Your safety is more important

A number of things came together this week that inspired me to write this. Yes, this is a little long, but I care about your safety — and I hope you care about your own safety — so please read the whole thing.

We start off with yet another “high speed, low drag operator” that will train you to be the ultimate badass. Alas, the video has been pulled from YouTube, but the ENDO post summarizes it pretty well.

Then TLG recounts a muzzle direction experience. That post was inspired by this post at GunNuts. And yes, I’ve had muzzles pointed at me. First time it happened, I chewed them out pretty harshly, and just like Tim @ GunNuts tells, people don’t get it. I’ve also had it happen during my teaching at KR Training, which somewhat comes with the territory but thankfully 99.9% of the people that do it turn white afterwards and I think walk away with the sober realization of their safety violation and what could have been. So while it wasn’t a fun way to teach a lesson, if serves as a lifetime reminder to adhere to “the rules” then I’ll go with that (tho I really don’t prefer that as a teaching tool).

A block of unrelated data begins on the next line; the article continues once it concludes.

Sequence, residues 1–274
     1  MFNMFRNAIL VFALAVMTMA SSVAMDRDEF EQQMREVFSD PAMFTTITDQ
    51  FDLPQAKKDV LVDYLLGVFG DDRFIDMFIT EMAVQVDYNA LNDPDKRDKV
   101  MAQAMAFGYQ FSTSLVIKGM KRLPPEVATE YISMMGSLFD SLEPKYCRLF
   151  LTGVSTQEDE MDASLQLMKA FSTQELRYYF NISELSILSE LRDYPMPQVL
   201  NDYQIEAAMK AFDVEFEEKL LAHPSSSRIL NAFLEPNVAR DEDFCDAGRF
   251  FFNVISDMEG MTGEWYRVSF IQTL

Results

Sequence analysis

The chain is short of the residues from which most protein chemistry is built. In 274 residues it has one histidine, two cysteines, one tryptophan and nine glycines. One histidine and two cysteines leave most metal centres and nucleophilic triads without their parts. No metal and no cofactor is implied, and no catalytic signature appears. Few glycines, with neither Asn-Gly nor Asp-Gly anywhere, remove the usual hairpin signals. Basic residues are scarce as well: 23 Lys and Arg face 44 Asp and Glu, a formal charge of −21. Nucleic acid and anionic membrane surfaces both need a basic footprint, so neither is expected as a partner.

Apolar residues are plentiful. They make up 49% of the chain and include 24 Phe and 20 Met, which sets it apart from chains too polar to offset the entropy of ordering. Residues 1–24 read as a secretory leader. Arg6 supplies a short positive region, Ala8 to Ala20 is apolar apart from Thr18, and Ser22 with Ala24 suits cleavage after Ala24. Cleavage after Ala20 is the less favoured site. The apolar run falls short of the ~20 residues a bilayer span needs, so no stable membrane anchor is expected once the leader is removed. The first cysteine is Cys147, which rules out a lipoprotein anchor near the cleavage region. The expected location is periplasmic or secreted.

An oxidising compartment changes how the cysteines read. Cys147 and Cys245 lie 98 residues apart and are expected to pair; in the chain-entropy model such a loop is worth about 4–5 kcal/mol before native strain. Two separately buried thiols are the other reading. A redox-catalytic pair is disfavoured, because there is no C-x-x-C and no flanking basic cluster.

I also recall a good friend telling me a story about a class he took from high-profile national-level instructor. During the class the instructor was called out on his poor gun handling, and he got “big boy defensive” about things as he made excuses for his violations.

Then there’s stuff like putting photographers downrange, be it Chris Costa or James Yeager. Gabe Suarez does some wacky things too.

WTF?

Let’s go over the rules again.

First, we have Col. Jeff Cooper’s rules (source: Jeff Cooper, Commentaries, Vol. 11 No. 4, 2003):

  1. All guns are always loaded. Even if they are not, treat them as if they are.
  2. Never let the muzzle cover anything you are not willing to destroy. For those that insist this particular gun is unloaded, see Rule 1.
  3. Keep your finger off the trigger until your sights are on target. This is the Golden Rule. Its violation is directly responsible for about 60% of inadvertent discharges.
  4. Identify your target and what is behind it. Never shoot at anything you have not positively identified.

Then we have the NRA’s rules:

  1. Always keep the gun pointed in a safe direction.
  2. Always keep your finger off the trigger until ready to shoot.
  3. Always keep the gun unloaded until ready to use.